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Christmas(ish) At Beamish

When­ev­er I’m in the NE of Eng­land, I try to get over to Beamish - “The Liv­ing Muse­um of the North”. It’s a won­der­ful place built around a road/tramway loop on which run vin­tage bus­es and trams.

On this occa­sion (20 Novem­ber) I was up for the week­end to go to Lumiere in Durham, so nip­ping over was a chance I could­n’t miss. It was fog­gy on leav­ing Durham but approach­ing Beamish the sun came out and it was gor­geous­ly sun­ny until the dri­ve home, when the fog closed in again.

Dif­fer­ent sites around the tramway loop recre­ate dif­fer­ent eras, each cre­at­ed from build­ings that have been lov­ing­ly trans­plant­ed from their orig­i­nal sites: the Town, for exam­ple, is Edwar­dian, with a Bank, a gor­geous Mason­ic Hall (rebuilt with the help of the Masons, appar­ent­ly), a Co-Op depart­ment store, sweet shop/factory and lots more. It also has an adja­cent Steam Rail­way and sta­tion and a steam-pow­ered fairground.

The Pit Vil­lage is per­haps some­what ear­li­er, and fea­tures a col­liery and a rel­a­tive­ly new addi­tion: a coal-fired fish & chip shop that uses beef drip­ping to cook with, result­ing in utter­ly tasty meals that you have to queue for twen­ty min­utes or so to get, it’s so pop­u­lar. Yet anoth­er area, Pock­er­ley, is more Geor­gian, with a Wag­gonway that fea­tures steam locos from the ear­li­est times and Pock­er­ley Old Hall. I’ve talked about Beamish before, here.

From this time of year until Christ­mas itself, Beamish is hav­ing a series of Christ­mas week­ends, includ­ing San­ta’s Grot­to some­where over by Pock­er­ley I think, com­plete with snow, an ice-rink in the Col­liery Vil­lage (above), and dec­o­ra­tions up in the Town.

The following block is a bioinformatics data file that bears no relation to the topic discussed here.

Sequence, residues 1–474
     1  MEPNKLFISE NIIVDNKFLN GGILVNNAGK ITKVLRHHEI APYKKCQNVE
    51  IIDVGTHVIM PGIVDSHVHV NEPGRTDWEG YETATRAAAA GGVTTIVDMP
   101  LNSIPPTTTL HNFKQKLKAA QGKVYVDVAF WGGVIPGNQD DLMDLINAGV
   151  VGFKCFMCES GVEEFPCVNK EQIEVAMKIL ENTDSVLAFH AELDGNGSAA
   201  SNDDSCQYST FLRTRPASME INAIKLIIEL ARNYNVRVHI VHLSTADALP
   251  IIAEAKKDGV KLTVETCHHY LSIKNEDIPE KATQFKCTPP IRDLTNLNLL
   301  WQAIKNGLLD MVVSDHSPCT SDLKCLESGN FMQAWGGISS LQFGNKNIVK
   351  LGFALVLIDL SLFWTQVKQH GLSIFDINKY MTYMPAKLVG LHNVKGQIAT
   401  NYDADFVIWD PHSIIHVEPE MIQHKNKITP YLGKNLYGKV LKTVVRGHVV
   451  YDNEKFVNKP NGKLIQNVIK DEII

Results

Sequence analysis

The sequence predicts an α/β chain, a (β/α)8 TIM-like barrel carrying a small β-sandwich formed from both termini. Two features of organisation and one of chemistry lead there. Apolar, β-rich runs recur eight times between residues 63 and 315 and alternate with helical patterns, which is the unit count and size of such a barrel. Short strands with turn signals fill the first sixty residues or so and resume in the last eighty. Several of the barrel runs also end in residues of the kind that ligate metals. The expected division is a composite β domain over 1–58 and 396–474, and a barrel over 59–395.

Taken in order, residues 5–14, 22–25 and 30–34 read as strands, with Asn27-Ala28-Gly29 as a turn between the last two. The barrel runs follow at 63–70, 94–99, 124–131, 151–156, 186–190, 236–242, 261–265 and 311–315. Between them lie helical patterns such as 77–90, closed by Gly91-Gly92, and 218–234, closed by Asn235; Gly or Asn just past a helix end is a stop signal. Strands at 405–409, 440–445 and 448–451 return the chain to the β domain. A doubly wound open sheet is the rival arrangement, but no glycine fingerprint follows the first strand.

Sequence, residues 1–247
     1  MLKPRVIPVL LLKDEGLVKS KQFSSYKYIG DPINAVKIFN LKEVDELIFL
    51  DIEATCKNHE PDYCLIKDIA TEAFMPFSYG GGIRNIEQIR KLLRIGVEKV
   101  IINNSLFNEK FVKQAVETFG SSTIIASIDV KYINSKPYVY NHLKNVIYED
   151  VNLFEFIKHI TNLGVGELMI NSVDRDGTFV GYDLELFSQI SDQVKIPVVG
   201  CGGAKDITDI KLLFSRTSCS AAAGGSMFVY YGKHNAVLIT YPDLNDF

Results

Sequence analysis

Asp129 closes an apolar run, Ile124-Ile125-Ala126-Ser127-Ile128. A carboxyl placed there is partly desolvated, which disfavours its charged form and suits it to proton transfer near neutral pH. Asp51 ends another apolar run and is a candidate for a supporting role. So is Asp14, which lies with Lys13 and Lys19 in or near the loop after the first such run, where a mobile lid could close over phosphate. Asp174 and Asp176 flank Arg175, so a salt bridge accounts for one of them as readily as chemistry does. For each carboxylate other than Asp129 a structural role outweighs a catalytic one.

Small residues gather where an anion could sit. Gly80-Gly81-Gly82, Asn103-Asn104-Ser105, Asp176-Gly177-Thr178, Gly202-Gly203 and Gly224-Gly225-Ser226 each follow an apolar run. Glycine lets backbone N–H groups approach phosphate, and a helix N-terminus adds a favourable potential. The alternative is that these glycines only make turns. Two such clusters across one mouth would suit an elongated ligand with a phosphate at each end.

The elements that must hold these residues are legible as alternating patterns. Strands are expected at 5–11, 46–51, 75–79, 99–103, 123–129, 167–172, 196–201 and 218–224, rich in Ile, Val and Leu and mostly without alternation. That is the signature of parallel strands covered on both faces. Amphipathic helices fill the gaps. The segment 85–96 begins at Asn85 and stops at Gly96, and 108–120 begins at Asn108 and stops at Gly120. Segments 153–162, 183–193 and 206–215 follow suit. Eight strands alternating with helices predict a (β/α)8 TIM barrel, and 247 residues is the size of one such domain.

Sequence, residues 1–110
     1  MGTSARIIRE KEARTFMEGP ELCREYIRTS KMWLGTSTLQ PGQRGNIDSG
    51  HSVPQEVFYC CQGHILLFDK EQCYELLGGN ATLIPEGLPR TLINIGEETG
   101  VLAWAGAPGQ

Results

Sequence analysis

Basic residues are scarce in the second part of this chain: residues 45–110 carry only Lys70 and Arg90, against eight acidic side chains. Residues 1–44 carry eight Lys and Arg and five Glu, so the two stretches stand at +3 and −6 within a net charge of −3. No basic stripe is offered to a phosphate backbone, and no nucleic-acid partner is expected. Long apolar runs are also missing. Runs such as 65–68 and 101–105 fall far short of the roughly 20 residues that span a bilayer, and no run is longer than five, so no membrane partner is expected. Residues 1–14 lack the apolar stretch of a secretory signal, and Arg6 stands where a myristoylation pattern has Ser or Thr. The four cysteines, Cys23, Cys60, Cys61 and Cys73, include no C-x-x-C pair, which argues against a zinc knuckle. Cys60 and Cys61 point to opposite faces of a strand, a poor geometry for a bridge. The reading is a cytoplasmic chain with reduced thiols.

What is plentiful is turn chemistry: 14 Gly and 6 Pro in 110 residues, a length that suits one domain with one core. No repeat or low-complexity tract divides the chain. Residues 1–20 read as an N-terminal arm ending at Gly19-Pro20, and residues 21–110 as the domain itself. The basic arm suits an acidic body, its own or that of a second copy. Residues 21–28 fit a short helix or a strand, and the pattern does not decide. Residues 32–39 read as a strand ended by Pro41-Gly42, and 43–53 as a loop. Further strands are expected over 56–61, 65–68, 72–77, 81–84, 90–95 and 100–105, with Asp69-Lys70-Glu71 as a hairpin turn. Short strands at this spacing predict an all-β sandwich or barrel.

I had to pop into some of the ter­raced hous­es, sev­er­al of which con­tain busi­ness­es, such as a solic­i­tor’s and a den­tist — the tor­ture cham­ber itself is shown below. In those days you would have had the option of (unreg­u­lat­ed) nitrous oxide (with a fair risk of death) or cocaine as anaes­thet­ics, the lat­ter effec­tive­ly remov­ing your short-term mem­o­ry, so things hurt but you did­n’t remem­ber it (rather like intra­venous Val­i­um it would appear, which I always loved as an adjunct to den­tal operations).

Anoth­er house includ­ed peri­od Christ­mas dec­o­ra­tions in the front room.

Across the street is a lit­tle park, with a band­stand, and there was the Mur­ton Col­liery Band prepar­ing to play some suit­ably sea­son­al music, which they pro­ceed­ed to do beautifully.

Here’s some video of extracts from their programme:

The band was formed as the Mur­ton Gospel Tem­per­ance Blue Rib­bon Army Band in 1884, and play­ers were request­ed to wear a blue rib­bon on the sec­ond but­ton of their waist­coats. They became Mur­ton Col­liery band in 1895. When the col­liery closed, the band became self-sup­port­ing — and it still is today. They’re also one of the few remain­ing bands to con­tin­ue to call itself a ‘Col­liery Band’, and they still proud­ly march through the vil­lage dur­ing the Durham Min­ers Gala and Armistice Day. I don’t know about you, but brass band music and Christ­mas do seem to go togeth­er rather well.

There was time for a good wan­der around and trips on some of the trams — includ­ing a 1930s enclosed dou­ble-deck­er Black­pool tram, which is tech­ni­cal­ly a lit­tle late for their re-cre­ations but very impres­sive — and I had some good chats with the tramway staff, notic­ing that they wore the arche­typ­al “wheel and mag­net” emblem of British Elec­tric Trac­tion (lat­er to become the par­ent, sur­pris­ing­ly, of Red­if­fu­sion Tele­vi­sion) on their caps. The shop at Beamish should sell those cap badges — I would have bought at least one.

Final­ly it was time to head off on the 3+ hour home, and soon after get­ting back on the A1 the fog closed in, and it end­ed up tak­ing a good deal longer than that. But it was a great day out.